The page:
Light Waves and Their Uses
astronomer may decide that the star is double. This elongation can under favorable circumstances be detected even a
_ considerable time after the
J diffraction rings merge into
each other. If the atmospheric conditions were a little worst1, such a close double would be indistinguishable from the single star, and if the stars were a little closer together, it would be practically impossible to separate them.
Fig. 9-t represents the case of a triple star whose components are so close together as to be barely within the limit of resolution of the telescope. In this case the object would probably be taken as triple because its central portion is triangular. If the three stars were a little closer together, it would be impossible to say whether the object viewed were a single or a double star, or a triple star, or a circular disc.
If now, in measuring the distance between two double stars, or the diameter of a disc such as that presented by a small satellite or one of the minor planets, instead of attempting to measure what is usually called the “edge” of the disc — which, as before stated, is a very uncertain thing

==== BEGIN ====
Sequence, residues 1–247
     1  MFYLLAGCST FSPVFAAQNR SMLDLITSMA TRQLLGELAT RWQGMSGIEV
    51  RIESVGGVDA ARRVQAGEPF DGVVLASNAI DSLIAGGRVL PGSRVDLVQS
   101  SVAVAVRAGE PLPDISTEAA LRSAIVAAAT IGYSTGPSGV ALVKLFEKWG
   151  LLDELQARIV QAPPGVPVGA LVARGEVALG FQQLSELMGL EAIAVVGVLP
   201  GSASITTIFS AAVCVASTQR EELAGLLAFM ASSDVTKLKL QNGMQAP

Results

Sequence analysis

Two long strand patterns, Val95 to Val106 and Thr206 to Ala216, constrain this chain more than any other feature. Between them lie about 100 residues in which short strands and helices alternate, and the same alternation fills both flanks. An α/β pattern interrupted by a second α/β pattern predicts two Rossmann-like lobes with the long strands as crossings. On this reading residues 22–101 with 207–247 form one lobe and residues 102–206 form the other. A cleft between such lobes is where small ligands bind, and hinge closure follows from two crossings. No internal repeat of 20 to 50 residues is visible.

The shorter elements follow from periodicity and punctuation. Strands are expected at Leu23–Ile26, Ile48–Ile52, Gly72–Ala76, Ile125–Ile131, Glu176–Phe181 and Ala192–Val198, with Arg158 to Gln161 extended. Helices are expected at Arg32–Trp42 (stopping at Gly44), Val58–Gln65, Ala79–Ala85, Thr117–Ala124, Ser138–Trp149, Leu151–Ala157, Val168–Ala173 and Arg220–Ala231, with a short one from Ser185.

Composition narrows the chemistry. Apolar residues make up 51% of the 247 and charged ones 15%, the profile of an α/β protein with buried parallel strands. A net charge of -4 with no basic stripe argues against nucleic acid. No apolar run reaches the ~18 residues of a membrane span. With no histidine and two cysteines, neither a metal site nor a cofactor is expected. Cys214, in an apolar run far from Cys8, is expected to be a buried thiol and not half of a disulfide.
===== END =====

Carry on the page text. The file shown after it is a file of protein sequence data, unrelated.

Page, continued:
. . J ° FIG. 94
and varies with the observer and
with atmospheric conditions — we try to find a relation between the size and shape of the object and the clearness of
Interference Methods in Astronomy 183
the interference fringes, we should have a means of making an independent measurement of the size of objects which are practically beyond the power of resolution of the most powerful telescope. The principal object of this lecture is to show the feasibility of such methods of measurement. For this purpose, however, the circular fringes that we have been investigating are not very well adapted; they are not very sharply defined; there is not enough contrast between them.
However, there is a relation which can be traced oat between the clearness of the diffraction fringes and the size and shape of the object viewed.
This relation is very complex.
The result of such calculation is that the intensity is greatest at the center, whence it rapidly falls off to zero at the first dark band. It then increases to a second maximum, where it is not more than one-ninth as great as in the center. What we should have to observe, then, is the contrast between these two parts—one but one-ninth as marked as the other and confused more or less by atmospheric disturbances. In case of a rectangular aperture the intensity curve is somewhat different, in that the maxima on either side of the central band are considerably greater, so that it is somewhat easier to see the fringes. ’ In case of the rectangular aperture the fringes are parallel to the long sides of the rectangle. The appearance of the diffraction phenomenon in this case is illustrated in Fig. 95. The pattern consists of a broad central space, whose sides are parallel to the sides of the rectangular slit, and of a succession of fringes diminishing in intensity 011